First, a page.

Weather and climate

From Wikipedia, the free encyclopedia
Jump to: navigation, search

There is often confusion between weather and climate.

Weather is the condition of the atmosphere at a particular place over a short period of time. For example, on a particular day in Trinidad, the weather is warm in the afternoon. But later in the day, when there are clouds blocking Sun's rays, the weather would become cooler.

Climate refers to the weather pattern of a place over a long period, maybe 30 years or more, long enough to yield meaningful averages ([1][2]). For example, although the weather in Pakistan may be cool and dry today, Pakistan's climate is hot most of the time.

Meteorology studies weather, while Climatology studies climate. Both are Atmospheric sciences, and indeed, several university departments are named in this manner to avoid division.

Elements[edit]

There are several elements that make up the weather and climate of a place. The major of these elements are five: temperature, pressure, wind, humidity, and rain. Analysis of these elements can provide the basis for forecasting weather and defining its climate. These same elements make also the basis of climatology study, of course, within a longer time scale rather than it does in meteorology.

  • Temperature is how hot or cold the atmosphere is, how many degrees it is above or below freezing . Temperature is a very important factor in determining the weather, because it influences or controls other elements of the weather, such as precipitation, humidity, clouds and atmospheric pressure.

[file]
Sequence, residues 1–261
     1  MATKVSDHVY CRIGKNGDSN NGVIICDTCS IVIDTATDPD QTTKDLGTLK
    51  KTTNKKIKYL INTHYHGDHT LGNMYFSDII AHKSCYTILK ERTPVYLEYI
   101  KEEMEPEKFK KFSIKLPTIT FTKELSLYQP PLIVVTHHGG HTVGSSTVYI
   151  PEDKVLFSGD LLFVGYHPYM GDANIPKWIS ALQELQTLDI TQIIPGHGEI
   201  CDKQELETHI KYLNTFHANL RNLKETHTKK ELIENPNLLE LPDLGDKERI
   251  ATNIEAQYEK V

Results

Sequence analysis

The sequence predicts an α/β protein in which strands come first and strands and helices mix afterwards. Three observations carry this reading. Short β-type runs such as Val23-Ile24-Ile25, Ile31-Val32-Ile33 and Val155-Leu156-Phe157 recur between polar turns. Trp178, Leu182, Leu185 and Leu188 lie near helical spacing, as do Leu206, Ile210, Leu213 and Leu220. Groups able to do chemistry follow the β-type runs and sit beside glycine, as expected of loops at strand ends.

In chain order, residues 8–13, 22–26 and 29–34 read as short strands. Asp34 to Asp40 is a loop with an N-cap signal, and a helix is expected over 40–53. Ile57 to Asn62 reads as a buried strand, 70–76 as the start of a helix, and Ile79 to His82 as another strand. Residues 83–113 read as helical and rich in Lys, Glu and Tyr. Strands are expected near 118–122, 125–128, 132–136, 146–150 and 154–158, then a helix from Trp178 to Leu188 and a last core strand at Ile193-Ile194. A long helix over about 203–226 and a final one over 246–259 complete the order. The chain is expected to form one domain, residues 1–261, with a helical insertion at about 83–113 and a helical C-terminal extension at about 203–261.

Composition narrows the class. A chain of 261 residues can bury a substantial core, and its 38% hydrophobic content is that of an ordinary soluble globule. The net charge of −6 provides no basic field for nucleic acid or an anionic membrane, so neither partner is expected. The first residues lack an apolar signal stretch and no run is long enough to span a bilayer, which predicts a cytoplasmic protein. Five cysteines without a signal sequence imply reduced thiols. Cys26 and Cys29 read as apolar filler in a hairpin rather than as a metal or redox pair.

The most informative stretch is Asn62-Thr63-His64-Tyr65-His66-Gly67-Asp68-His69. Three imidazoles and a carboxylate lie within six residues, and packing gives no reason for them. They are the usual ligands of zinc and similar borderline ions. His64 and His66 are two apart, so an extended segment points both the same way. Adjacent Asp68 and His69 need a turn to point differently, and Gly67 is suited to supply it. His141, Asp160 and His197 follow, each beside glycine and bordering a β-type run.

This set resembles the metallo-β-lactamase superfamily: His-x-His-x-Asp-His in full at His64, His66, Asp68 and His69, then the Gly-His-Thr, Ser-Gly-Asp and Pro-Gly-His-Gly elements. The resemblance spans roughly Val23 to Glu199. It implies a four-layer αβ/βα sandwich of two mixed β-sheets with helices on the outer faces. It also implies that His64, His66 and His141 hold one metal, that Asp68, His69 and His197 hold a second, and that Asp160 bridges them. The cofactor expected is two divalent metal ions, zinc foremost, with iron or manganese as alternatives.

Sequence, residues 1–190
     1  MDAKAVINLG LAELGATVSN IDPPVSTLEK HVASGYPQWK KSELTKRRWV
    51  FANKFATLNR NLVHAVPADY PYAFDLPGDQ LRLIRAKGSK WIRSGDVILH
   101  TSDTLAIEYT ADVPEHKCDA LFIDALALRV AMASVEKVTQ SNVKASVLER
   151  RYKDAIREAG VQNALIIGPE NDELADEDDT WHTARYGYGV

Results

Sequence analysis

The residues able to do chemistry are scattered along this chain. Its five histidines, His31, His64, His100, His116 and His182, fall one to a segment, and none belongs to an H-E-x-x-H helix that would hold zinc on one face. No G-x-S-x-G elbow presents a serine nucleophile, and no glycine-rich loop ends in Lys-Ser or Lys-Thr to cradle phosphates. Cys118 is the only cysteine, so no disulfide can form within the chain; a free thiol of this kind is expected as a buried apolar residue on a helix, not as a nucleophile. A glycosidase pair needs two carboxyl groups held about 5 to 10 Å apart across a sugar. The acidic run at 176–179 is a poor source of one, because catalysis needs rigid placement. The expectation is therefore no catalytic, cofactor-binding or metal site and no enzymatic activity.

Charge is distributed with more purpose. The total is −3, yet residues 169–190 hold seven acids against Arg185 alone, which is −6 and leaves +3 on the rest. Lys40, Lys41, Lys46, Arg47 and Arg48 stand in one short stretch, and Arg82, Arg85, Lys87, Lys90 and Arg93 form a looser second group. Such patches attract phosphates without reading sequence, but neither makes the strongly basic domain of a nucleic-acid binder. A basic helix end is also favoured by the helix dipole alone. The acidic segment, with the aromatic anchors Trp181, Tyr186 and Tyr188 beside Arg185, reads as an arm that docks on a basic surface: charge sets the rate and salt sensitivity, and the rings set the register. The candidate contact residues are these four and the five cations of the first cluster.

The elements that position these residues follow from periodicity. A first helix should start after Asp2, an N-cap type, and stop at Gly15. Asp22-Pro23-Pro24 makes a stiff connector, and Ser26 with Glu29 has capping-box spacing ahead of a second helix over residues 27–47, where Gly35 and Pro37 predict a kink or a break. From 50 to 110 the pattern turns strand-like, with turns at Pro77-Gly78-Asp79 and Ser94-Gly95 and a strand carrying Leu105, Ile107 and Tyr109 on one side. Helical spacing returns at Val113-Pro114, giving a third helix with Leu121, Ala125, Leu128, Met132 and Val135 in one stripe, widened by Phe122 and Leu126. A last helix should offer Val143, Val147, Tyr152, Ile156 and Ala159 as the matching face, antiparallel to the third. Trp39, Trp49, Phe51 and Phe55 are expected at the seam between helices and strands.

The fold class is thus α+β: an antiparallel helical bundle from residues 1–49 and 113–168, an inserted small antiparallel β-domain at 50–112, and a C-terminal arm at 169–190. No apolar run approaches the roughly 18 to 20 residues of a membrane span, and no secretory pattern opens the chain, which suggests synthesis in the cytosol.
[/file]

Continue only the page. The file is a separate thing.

• Humidity is the amount of water vapor in the atmosphere.
  • Precipitation is the product of a rapid condensation process (if this process is slow, it only causes cloudy skies). It may include snow, hail, sleet, drizzle, fog, mist and rain.
  • Atmospheric pressure (or air pressure) is the weight of air resting on the earth's surface. Pressure is shown on a weather map, often called a synoptic map, with lines called isobars.
  • Wind is the movement of air masses, especially on the Earth's surface.

Modifying factors[edit]

The more important are also five: latitude, altitude, distance to the ocean and/ or sea, orientation of mountain ranges toward prevailing winds and ocean currents.

See also[edit]

References[edit]

  1. ^ Arthur Newell Strahler. Physical Geography. New York: John Wiley & Sons, 1960, Second Edition, p. 185
  2. ^ F. J. Monkhouse. A Dictionary of Geography. London: Edward Arnold (Publishers) Ltd., 1978

External links[edit]